not provided with crutches or a splint and was forced to
continue to walk on his ruptured Achilles tendon.
February 16, 2017, the ultrasound on Plaintiff's left
Achilles tendon was performed. Id. The ultrasound
showed a complete rupture of the Achilles tendon, with
retracted proximal stumps. Id. “There was
marked thickening of the retracted proximal and distal
stumps, consistent with severe underlying tendinosis. A
complete rupture of the Achilles tendon was noted at
approximately 4.6 cm above the calcaneal insertion. A
prominent gap was noted due to the rupture with a contour
deformity.” Id. Despite this, Plaintiff was
not provided with crutches or a splint. He was forced to
continue to walk on the injured extremity. Id.
about February 22, 2017, Dr. Trost ordered an orthopedic
consult. (Doc. 1, p. 6). Another collegial review was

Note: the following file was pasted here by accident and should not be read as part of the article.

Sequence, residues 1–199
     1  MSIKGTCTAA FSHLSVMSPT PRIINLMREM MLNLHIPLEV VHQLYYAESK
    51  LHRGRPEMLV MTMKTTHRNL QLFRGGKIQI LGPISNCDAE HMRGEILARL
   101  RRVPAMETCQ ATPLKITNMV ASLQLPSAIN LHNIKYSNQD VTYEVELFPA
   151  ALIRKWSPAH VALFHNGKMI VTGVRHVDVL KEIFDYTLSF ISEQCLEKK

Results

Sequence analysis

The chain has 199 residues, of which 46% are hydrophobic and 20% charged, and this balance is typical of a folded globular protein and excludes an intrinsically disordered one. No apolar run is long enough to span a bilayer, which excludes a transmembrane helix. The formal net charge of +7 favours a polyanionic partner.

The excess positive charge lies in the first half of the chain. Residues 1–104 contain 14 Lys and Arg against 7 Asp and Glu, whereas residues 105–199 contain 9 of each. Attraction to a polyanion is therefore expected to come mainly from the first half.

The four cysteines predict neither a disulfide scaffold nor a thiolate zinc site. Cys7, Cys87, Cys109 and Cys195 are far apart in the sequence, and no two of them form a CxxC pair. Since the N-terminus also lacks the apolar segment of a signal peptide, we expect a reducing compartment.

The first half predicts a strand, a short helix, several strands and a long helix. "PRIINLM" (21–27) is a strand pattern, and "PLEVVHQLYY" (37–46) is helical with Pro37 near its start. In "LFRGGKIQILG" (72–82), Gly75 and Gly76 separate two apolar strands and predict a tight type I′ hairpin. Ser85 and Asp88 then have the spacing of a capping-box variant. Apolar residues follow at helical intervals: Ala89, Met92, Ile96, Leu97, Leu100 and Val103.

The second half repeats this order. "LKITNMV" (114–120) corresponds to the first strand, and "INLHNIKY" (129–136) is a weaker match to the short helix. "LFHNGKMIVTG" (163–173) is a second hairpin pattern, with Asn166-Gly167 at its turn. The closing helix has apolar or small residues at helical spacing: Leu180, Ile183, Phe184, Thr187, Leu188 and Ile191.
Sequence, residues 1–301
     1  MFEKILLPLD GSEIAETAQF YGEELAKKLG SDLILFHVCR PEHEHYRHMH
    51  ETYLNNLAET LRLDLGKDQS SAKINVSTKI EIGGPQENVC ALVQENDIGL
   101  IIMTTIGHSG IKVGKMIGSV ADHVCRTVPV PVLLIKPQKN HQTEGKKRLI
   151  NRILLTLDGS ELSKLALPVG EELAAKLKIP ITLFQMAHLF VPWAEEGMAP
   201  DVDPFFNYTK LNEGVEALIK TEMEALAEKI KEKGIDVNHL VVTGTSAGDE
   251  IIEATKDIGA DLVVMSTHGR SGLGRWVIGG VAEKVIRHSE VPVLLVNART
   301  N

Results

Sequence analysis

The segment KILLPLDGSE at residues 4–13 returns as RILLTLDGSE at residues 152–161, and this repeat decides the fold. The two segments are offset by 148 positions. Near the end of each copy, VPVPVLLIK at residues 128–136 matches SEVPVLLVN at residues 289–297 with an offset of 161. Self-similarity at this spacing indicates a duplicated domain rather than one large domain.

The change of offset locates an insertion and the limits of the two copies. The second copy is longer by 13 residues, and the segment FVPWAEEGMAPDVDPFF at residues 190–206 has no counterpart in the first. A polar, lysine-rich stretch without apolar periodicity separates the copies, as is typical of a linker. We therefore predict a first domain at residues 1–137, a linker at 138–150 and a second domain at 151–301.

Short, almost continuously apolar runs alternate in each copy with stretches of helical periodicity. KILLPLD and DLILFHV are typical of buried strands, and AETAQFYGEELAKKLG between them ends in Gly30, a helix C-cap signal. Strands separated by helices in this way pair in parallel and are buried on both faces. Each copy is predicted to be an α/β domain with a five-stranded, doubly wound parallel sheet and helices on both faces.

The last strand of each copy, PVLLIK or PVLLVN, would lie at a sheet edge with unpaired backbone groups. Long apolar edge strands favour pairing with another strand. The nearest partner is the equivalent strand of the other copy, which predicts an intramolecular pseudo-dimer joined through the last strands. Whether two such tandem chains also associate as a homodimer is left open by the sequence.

scheduled for March 1, for the purpose of determining whether
an orthopedic consult was warranted. Id. The note
indicated Dr. Ritz was to review the request for referral and
make a decision. Id. Around March 7, 2017, Plaintiff
was scheduled for an orthopedic consult on March 16, 2017.
Id. On March 9, 2017, Plaintiff filed a grievance
complaining that he had not been receiving adequate
healthcare. Id. He complained of pain and an
inability to perform normal activities and tasks.
Id. He could not walk normally or jog. Id.
“He complained they had failed to appropriately
follow-up on his left Achilles injury.” Id.
March 16, 2017, Plaintiff was evaluated by the office of
orthopedic surgeon, John Wood. Id. He “was
identified as having an Achilles tendon rupture. He had left
ankle pain with weakness on his left side with aching. He was
noted to have pain with dorsiflexion, as well as weakness.
Physical therapy was recommended.” Id. Around
March 20, 2017, Dr. Siddiqui ordered physical therapy, as
recommended by Dr. Wood, and ordered an orthopedic follow-up.
Id. On March 29, 2017, Plaintiff wrote a letter to
Ms. Allsup seeking information on ...